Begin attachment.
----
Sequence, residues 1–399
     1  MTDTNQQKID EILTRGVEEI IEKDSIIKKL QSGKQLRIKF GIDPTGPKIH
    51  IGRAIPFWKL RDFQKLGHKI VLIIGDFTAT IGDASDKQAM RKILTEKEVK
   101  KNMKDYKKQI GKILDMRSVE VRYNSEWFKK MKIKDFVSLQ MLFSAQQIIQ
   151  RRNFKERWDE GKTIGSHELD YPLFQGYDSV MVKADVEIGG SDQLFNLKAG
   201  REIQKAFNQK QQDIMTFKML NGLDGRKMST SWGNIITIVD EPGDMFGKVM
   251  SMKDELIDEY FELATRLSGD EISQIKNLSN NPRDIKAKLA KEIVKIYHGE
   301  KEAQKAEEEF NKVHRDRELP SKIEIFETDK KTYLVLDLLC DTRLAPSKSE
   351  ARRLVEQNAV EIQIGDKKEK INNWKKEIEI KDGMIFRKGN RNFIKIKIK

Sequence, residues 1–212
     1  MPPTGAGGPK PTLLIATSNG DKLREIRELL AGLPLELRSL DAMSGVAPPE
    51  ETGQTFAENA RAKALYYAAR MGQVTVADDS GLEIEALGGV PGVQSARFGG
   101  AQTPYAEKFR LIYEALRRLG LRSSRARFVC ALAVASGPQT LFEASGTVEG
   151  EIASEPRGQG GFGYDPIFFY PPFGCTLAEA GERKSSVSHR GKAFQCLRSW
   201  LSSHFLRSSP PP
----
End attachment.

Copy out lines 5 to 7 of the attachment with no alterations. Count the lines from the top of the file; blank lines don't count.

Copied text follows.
   151  RRNFKERWDE GKTIGSHELD YPLFQGYDSV MVKADVEIGG SDQLFNLKAG
   201  REIQKAFNQK QQDIMTFKML NGLDGRKMST SWGNIITIVD EPGDMFGKVM
   251  SMKDELIDEY FELATRLSGD EISQIKNLSN NPRDIKAKLA KEIVKIYHGE